ARRL Board Adopts Legislative Agenda

The ARRL Board of Directors has set forth seven legislative priorities for the 112th Congress. According to the ARRL Letter, these include:
- Including private land use regulations (such as CC&Rs) in the rule that currently requires local and state governments to "reasonably accommodate" amateur radio operation;
- Opposing reallocation of amateur radio spectrum;
- Opposing laws that would favor unlicensed users over licensed users in shared spectrum;
- Seeking to have amateur radio's unique capabilities included in any legislation relating to emergency and disaster communications;
- Supporting other licensed services that need protection from interference for non-commercial purposes that benefit the public;
- Opposing distracted driving laws that do not exempt two-way radios operated by FCC-licensees, and
- Supporting the FCC Commissioners' Technical Resource Enhancement Act.
The board also set up an ad-hoc committee to monitor development of the National Broadband Plan and assess possible threats to amateur frequencies.

California Court Issues Mixed Decision on Ham Antenna Case

A California appeals court has invalidated a municipal antenna ordinance as unenforceable because it was too vague, but told Palmdale amateur Alec Zubarau, WB6X, that he would not be able to keep up his HF antenna. According to the ARRL Letter, the court said that permitting Zubarau to keep his VHF/UHF vertical antenna constituted "reasonable accommodation" because it allowed him to be active in some part of amateur radio.

Montenegro Added to FCC's Reciprocity List

Courtesy CIA World Fact Book
The FCC has added Montenegro to the list of European countries in which U.S.-licensed hams may operate under the CEPT (European Council of Postal and Telecommunications Administrations) reciprocal operating agreement. The ARRL reports that the change took effect on February 7th. Under CEPT rules, full amateur privileges are granted only to US hams holding Advanced or Extra Class licenses. General Class hams receive limited CEPT Novice privileges, while US Technicians and Novices have no privileges in CEPT countries.

Repeater Donated to Radio Club d'Haiti

A Vertex VXR-7000 repeater, initially brought to Haiti as part of ARRL relief efforts after last year's earthquake there, has been permanently donated to the Radio Club d'Haiti through the efforts of the ARRL's Ham Aid program and the Radio Club Dominicano. The Dominican Republic shares the island of Hispanola with Haiti. The ARRL Letter reports that the repeater will be linked to other repeaters on the island as part of a plan to build a new nationwide amateur radio network.

Brazilian Hams Lauded for Relief Efforts

Courtesy CIA World Fact Book
The head of civil defense relief efforts in the aftermath of landslides and flooding in Brazil has praised local ham radio operators for their help. Newsline reports that Lt. Col. Roberto Robadey told the BBC his command would not have been able to do anything in the first two days of the emergency if it were not for the hams. He said they set up their radio gear at key points to provide communications between relief groups. The landslides in late January were touched off by the heaviest rains the area has experienced in more than four decades.

Nebraska Ham Critically Injured in Hit-and-Run

Jeff Beiermann, WB0M, is a news photographer for the Omaha World Herald newspaper and the ARRL Public Information Coordinator for Nebraska. According to the ARRL and KETV News, Beiermann was heading home from work in early February when his car was hit by a stolen SUV that ran a red light and then kept on going. The driver and a passenger were later apprehended. Beiermann was rushed to the hospital in critical condition but is expected to recover. The ARRL says get-well cards may be sent to Beiermann's home address but asks that no one send anything that would require a response or acknowledgement.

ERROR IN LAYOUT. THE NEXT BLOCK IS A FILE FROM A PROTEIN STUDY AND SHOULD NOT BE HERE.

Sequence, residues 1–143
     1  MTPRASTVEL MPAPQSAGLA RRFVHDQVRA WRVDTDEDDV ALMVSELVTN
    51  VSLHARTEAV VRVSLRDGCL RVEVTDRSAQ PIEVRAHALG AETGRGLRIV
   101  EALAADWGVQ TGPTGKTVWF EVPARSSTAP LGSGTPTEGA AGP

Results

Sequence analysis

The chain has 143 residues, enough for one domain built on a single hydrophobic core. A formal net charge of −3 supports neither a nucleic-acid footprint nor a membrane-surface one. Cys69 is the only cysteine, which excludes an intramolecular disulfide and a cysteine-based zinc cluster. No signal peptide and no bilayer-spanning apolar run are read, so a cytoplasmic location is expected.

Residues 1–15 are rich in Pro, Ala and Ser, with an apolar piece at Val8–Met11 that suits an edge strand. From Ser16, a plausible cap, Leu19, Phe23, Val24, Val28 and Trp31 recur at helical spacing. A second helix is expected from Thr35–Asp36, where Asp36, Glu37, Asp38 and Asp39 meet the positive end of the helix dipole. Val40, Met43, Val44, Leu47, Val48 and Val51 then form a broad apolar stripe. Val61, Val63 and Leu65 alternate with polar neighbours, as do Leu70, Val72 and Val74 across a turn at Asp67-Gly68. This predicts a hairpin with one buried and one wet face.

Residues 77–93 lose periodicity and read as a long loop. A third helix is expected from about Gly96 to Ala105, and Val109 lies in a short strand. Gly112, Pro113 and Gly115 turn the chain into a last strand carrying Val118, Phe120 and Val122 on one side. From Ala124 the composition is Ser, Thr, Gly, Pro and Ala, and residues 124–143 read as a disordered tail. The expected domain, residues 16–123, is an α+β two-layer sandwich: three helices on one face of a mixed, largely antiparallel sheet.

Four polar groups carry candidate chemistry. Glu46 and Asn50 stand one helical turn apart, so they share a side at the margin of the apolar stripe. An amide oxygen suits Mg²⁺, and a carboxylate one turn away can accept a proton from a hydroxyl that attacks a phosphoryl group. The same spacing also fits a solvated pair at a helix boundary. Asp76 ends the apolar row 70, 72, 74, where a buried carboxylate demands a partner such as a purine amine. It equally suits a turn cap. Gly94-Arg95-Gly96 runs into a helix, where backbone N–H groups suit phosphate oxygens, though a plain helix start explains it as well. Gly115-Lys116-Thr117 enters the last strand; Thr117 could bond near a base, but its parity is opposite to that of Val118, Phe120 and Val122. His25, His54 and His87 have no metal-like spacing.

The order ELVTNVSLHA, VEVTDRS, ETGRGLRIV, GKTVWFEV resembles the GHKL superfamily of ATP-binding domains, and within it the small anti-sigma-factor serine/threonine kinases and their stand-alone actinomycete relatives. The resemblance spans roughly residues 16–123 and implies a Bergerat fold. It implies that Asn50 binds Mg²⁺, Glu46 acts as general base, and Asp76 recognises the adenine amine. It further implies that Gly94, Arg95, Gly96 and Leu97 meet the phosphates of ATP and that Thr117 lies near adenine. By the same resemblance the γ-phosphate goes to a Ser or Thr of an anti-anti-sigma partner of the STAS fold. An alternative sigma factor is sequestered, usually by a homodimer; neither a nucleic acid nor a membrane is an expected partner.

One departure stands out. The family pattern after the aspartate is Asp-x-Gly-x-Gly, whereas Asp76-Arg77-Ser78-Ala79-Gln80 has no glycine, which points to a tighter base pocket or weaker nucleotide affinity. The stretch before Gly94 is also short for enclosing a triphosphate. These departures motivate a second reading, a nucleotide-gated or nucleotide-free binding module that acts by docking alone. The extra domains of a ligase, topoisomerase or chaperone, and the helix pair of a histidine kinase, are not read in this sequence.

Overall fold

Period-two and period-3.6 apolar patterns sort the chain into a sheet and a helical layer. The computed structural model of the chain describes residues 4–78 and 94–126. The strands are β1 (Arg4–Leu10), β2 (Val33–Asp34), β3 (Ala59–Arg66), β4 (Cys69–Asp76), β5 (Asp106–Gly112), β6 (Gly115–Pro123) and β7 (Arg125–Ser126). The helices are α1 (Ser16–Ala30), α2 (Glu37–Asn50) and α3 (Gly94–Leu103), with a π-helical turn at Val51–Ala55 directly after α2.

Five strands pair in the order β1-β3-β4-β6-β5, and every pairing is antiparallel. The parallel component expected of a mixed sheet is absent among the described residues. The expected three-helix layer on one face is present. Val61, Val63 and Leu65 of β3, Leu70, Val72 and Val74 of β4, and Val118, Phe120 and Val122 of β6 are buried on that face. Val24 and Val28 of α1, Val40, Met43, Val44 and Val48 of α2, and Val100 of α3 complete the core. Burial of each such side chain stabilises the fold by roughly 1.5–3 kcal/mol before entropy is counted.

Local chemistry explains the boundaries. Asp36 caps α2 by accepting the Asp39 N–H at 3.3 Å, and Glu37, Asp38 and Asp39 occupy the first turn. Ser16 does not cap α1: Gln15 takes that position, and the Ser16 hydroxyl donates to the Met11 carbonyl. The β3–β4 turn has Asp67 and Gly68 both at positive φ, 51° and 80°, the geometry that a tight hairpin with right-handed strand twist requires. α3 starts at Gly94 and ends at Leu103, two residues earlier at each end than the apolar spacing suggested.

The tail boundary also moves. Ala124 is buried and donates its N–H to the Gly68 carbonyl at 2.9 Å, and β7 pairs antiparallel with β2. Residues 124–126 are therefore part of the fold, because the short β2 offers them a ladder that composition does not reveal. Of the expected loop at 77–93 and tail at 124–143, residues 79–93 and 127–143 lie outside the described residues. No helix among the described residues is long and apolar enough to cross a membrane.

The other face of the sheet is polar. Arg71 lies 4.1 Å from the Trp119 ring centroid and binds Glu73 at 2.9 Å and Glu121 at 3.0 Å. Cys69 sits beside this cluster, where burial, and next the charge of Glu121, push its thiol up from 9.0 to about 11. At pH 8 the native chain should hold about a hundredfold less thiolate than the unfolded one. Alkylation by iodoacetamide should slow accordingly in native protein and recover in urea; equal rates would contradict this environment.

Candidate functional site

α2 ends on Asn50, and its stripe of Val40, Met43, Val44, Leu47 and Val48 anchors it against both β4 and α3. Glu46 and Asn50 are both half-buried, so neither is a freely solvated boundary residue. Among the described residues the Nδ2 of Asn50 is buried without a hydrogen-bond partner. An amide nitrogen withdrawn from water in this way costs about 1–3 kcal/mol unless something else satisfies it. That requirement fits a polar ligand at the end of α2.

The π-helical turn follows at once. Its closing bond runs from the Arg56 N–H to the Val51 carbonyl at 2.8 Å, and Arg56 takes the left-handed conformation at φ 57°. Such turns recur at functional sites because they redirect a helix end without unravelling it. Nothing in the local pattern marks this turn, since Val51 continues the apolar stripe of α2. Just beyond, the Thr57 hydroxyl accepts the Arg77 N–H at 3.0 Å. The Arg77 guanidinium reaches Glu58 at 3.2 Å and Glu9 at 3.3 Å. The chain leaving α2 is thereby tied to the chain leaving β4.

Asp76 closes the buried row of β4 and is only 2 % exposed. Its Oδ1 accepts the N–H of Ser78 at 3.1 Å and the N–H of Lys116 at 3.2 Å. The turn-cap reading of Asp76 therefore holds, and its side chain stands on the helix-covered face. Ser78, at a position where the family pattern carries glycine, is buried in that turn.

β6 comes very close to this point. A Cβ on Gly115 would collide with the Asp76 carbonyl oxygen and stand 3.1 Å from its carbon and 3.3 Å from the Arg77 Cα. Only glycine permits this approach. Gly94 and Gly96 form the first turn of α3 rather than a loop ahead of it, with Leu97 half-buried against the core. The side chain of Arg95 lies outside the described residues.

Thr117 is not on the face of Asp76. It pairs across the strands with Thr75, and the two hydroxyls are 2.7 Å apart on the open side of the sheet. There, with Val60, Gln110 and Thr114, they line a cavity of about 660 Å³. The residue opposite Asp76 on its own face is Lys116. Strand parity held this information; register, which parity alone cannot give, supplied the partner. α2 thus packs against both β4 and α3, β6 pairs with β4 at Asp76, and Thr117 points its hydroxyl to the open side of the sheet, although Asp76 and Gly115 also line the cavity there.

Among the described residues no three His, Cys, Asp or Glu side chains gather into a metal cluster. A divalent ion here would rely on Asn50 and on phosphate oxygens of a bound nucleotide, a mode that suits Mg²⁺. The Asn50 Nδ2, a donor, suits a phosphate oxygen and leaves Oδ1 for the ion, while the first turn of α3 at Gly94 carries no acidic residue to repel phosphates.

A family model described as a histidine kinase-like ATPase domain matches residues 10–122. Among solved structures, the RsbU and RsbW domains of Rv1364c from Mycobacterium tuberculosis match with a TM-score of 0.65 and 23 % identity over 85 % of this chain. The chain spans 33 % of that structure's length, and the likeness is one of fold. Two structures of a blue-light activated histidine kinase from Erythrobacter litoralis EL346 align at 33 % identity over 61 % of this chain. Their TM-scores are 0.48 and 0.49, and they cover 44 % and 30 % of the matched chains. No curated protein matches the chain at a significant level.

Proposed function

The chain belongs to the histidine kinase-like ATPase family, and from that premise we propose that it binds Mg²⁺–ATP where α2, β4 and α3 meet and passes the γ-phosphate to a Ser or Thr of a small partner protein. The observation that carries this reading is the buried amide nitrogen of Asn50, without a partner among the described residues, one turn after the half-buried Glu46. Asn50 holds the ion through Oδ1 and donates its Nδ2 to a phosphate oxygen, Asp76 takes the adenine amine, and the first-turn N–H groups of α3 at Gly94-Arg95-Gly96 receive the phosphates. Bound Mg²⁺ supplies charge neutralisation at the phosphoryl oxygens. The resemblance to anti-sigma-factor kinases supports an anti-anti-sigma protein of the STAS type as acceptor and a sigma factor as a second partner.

House Bill Threatens 440 MHz Amateur Spectrum

Introduction of the Broadband for First Responders Act (H.R. 607) in the U.S. House of Representatives on February 10 is sending a shudder through the amateur radio community. An element of the legislation threatens to put up for auction 420 to 440 MHz and 450-470 MHz - a potential loss of spectrum for radio amateurs.

Click here to see H.R. 607.

"There are several bills in Congress providing for the allocation of the D-Block for Public Safety use," an ARRL online story noted. "But H.R. 607 uniquely provides for the reallocation of other spectrum for auction to commercial users, in order to offset the loss of revenue that would occur as the result of the allocation of the D-Block to Public Safety instead of commercial auction.

"H.R. 607 lists the paired bands of 420-440 MHz and 450-470 MHz among the bands to be reallocated for commercial auction within 10 years of its passage."

Co-sponsors of H.R. 607 include Homeland Security Committee’s Ranking Member, Rep. Bennie Thompson (D-MS-2) and Representatives Shelley Berkley (D-NV-1), Yvette Clarke (D-NY-11), Billy Long (R-MO-7), Candice S. Miller (R-MI-10), Laura Richardson (D-CA-37), Mike Rogers (R-AL-3), and Michael Grimm (R-NY-13).

Tuesday, February 22, 2011

New Zealand 'Quake EmComm Frequencies Advisory

Arnie Coro, CO2KK, International Amateur Radio Union (IARU) Region II Area C Emergency Coordinator, advises users of the 40 and 20 meters bands to "be aware of possible (earthquake) emergency communications traffic taking place in and around the affected areas of New Zealand's South Island, where Christchurch is located."

According to Warren Harris, ZL2AJ, of Hastings, NZ, designated EmComm frequencies used by AREC NZ on HF for the Christchurch Earthquake are:

3.900 MHz USB
5.320 MHz USB
7.100 MHz USB

CO2KK continues: "This is a city of about 400,000 population and it was hit pretty badly because of the proximity of the epicenter of the earthquake and the fact that it was registered at a very shallow depth and very near to the city.

"The propagation on 40 meters more likely to cause problems to the New Zealanders from unintentional QRM coming from the Americas is the window that starts about two orthree hours before sunrise and lasts until sunrise at this end. A similar pattern, with a slight time shift shows up on 20 meters, too."

(You Tube video courtesy of Sky News)